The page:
Proper humidification is so important for an orchid’s health and growth. Managing humidity around your orchid will go a long way in keeping your it happy and healthy.

Using Different Potting Media

If you have an orchid that was grown in sphagnum moss and you repot it into a bark-based potting media, there is a high chance you’ll see yellow orchid leaves soon after repotting.

This is because bark-based potting media is less water-retentive than sphagnum moss. As a result, there will be less humidity around the roots.

These factors, along with the factor of transplant shock, are what causes orchid leaves to turn yellow soon after you repot into a different potting medium.

You can read more about the differences between bark vs moss here.

In general, it is recommended to stick with the same type of potting medium. For example, if an orchid was potted in moss, then use new sphagnum moss for repotting. If an orchid was potted in bark, then use new bark-based potting media to repot the orchid.

Repotting into the same type of potting media will help minimize the stress on the orchid.

However, there are certain situations where you may want to switch the type of potting media used. I talked about this briefly elsewhere on Everyday Orchids when I went over how to water orchids potted in moss.

While it is generally recommended to use the same type of potting media, changing the type of potting media can definitely be done. I’ve repotted orchids from moss to bark many times and haven’t lost an orchid yet. However, be warned that you will likely see yellow orchid leaves and/or some roots dry out as the orchid adjusts to the new environment.

What To Do If Orchid Leaves Turn Yellow After Repotting

Orchid sitting by window with no yellow leaves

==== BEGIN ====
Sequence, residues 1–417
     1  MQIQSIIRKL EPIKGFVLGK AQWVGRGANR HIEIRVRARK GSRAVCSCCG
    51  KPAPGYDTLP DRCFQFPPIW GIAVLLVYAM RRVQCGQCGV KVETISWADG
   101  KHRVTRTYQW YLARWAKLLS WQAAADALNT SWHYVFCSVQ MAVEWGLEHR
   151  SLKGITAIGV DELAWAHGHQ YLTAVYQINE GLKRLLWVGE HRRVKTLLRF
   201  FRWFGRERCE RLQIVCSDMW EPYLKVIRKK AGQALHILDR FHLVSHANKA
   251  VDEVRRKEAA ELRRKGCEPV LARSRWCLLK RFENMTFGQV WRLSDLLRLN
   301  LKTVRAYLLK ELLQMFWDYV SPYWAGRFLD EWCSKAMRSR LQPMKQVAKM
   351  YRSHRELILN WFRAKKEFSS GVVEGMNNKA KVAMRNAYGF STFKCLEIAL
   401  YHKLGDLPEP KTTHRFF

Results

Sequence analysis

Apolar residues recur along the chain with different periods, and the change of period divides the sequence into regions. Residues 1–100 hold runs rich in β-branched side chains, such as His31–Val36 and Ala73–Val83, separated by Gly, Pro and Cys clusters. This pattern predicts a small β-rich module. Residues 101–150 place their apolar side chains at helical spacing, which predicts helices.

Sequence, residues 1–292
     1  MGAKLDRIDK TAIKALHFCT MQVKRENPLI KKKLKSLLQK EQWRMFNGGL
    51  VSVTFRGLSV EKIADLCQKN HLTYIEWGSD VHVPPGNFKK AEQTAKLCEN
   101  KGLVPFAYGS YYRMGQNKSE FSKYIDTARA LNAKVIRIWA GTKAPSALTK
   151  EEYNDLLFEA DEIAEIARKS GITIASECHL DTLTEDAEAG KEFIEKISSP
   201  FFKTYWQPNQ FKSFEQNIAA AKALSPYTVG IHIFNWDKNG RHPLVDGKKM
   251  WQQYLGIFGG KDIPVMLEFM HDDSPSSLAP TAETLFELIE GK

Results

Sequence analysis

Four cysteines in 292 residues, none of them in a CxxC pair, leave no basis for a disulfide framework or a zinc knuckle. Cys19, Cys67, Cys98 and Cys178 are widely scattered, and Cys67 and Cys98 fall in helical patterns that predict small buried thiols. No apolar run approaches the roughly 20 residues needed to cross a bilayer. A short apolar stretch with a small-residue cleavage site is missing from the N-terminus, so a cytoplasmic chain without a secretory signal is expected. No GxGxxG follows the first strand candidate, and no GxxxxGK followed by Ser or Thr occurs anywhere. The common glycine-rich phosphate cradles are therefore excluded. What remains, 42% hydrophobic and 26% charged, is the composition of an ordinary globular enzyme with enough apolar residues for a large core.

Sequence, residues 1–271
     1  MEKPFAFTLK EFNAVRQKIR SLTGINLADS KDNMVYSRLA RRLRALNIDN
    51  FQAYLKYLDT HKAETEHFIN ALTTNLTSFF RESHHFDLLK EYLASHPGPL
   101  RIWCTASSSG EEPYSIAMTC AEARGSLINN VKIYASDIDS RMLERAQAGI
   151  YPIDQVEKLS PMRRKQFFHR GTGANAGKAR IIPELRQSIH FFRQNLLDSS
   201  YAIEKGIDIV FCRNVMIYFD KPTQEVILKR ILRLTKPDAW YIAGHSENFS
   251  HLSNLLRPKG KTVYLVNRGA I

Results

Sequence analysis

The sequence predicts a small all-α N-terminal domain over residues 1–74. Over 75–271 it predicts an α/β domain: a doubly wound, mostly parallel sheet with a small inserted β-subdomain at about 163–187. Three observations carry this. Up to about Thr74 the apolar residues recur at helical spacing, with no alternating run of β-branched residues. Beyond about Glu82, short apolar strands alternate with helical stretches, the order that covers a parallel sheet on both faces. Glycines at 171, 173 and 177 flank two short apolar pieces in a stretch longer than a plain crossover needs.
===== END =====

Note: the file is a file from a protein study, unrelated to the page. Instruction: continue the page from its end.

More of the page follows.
To help the orchid through this transition and recover from transplant shock, be sure to give your orchid lots of attention and TLC (tender loving care) during this time.

Here are some tips:

If the orchid has difficulty adjusting to the new potting media and environment, you may see leaves continue to yellow and wilt and orchid roots start to dry out. Some of those yellow orchid leaves, usually the older leaves, may even fall off.

Don’t worry, just give the orchid some time to adjust. It may take a few months, but continue to water and fertilize your orchid regularly and give it lots of bright, indirect sunlight. Your orchid will recover and in time, you should start to see new growth emerge.

Will Yellow Orchid Leaves Turn Green Again?

Yes, once an orchid recovers, sometimes a slightly yellow orchid leaf can turn green again. However, this can take weeks to happen. Sometimes the yellow orchid leaf will remain yellow and eventually fall off.

Whether or not the yellow leaf turns green again really depends on several things: the overall health of the orchid, the conditions surrounding the repotting process, and the amount of transplant shock endured.

If your orchid ends up losing one or two yellow leaves after repotting, I wouldn’t worry about it too much. If your orchid has recovered and adjusted well after repotting, you will see new growth, such as new root buds and new leaves, start to emerge in the months following repotting.

If you are curious to learn more about how fast orchids grow, read this guide on season-by-season orchid growth.

Final Thoughts

To sum it up, orchid leaves turning yellow after repotting is actually fairly common. It happens as the orchid tries to adjust to the new potting media and environment and deals with transplant shock.

Don’t worry if you see a few orchid leaves turn yellow or even fall off. This can happen and is normal. As long as you are providing great care to your orchid, it will recover. Leaves or roots that were lost during or after repotting will be replaced with new leaves and roots in the following months. Just give it time.

Hope this has helped you! As always, happy orchid growing.

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Orchid leaves turning yellow after being repotted
Orchid leaves turning yellow
Yellowing orchid leaves after repotting
Orchid being repotted